The Saint and the Count: A Case Study for Reading like a Historian
While historians know that history is about interpreting primary sources, students tend to think of history as a set of facts.
In The Saint and the Count, Leah Shopkow opens up the interpretive world of the historian using the biography of St. Vitalis of Savigny (d. 1122) as a case study. This biography was written around 1174 by Stephen of Fougères and provides a rich stage to demonstrate the kinds of questions historians ask about primary sources and the interpretive and conceptual frameworks they use. What is the nature of medieval sources and what are the interpretive problems they present? How does the positionality of Stephen of Fougères shape his biography of St. Vitalis? How did medieval people respond to stories of miracles? And finally, how does this biography illuminate the problem of violence in medieval society? A translation of the biography is included, so that readers can explore the text on their own.
- World Rights
- Page Count: 216 pages
- Illustrations: 4
- Dimensions: 6.0in x 0.0in x 9.0in
Reviews“The Saint and the Count is a book to place in the hands of untrained readers who regard historical primary sources as either transparent accounts of a factual past or dismiss them as biased and unusable fabrications. In other words, undergraduate history students, both beginners and advanced, will benefit from this gem of a book. In a deft and lucid fashion, and with great wit and verve, Leah Shopkow demonstrates how key questions and processes of historical reading can distil knowledge even from unreliable and opaque texts. Caution: side effects when reading this book may include feelings of curiosity and pleasure and the desire to become a medievalist.”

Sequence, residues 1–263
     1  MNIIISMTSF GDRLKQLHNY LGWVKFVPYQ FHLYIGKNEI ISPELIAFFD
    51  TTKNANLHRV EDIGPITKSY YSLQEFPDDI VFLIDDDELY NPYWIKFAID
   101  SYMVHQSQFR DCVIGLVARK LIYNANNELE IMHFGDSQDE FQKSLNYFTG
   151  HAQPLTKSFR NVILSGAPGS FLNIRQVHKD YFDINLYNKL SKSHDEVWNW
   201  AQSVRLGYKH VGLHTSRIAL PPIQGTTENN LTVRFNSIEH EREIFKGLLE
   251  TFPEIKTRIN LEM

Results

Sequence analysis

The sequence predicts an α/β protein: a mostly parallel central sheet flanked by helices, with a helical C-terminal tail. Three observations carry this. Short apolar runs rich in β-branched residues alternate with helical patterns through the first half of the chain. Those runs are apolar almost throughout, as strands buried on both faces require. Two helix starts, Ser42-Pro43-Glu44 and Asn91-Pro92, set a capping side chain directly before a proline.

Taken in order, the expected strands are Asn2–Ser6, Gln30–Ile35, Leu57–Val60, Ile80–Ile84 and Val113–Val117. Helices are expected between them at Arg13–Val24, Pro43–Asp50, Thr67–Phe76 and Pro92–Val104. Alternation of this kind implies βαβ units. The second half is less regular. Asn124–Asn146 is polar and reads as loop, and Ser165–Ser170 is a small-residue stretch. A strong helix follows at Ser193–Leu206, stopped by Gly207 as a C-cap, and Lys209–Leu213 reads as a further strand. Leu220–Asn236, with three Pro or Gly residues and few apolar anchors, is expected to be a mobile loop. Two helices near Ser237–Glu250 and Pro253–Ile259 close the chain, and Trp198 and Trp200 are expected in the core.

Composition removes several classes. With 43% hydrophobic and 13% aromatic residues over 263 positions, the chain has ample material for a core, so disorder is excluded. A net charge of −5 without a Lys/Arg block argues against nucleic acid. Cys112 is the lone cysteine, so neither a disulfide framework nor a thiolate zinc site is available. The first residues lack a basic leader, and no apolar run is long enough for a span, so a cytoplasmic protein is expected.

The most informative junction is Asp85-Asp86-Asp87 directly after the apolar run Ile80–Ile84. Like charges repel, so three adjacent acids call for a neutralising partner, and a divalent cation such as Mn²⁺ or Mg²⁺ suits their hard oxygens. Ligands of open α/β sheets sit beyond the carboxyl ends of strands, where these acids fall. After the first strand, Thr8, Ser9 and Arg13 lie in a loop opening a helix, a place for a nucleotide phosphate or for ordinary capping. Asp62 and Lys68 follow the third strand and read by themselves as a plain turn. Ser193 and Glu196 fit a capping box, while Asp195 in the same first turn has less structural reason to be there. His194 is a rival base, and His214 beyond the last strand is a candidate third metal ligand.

Lendol G. Calder, Augustana College
“Leah Shopkow’s The Saint and the Count is a tour de force in exploring and clarifying the complexities of medieval sources. This book is an excellent introduction to both medieval history and the medieval historian’s craft. Written to be accessible to all audiences and with newly translated sources for readers to examine, The Saint and the Count would be a welcome text for any class on the European Middle Ages or for a course in historical methodology.”
Amy Livingstone, Ball State University
Author InformationLeah Shopkow is a professor of history at Indiana University-Bloomington.
Table of contents
Introduction: “We Should Not Pass Over in Silence”
1. “In the Province of Bayeux”: St. Vitalis in the Historical and Hagiographic Record
2. “Strive to rise swiftly from the dust”: The Author Stephen of Fougères
3. “Men who built the Holy Church”: Hagiography and Genre
4. “These are not our inventions”: Miracles and Doubt
5. “They tried to kill him”: Hagiography and the Problem of Violence
Afterword: “So that my words may not bore the reader”
Appendix 1: The Life of St. Vitalis
Appendix 2: The Life of St. Firmat
Glossary of Terms and Concepts
Subjects and Courses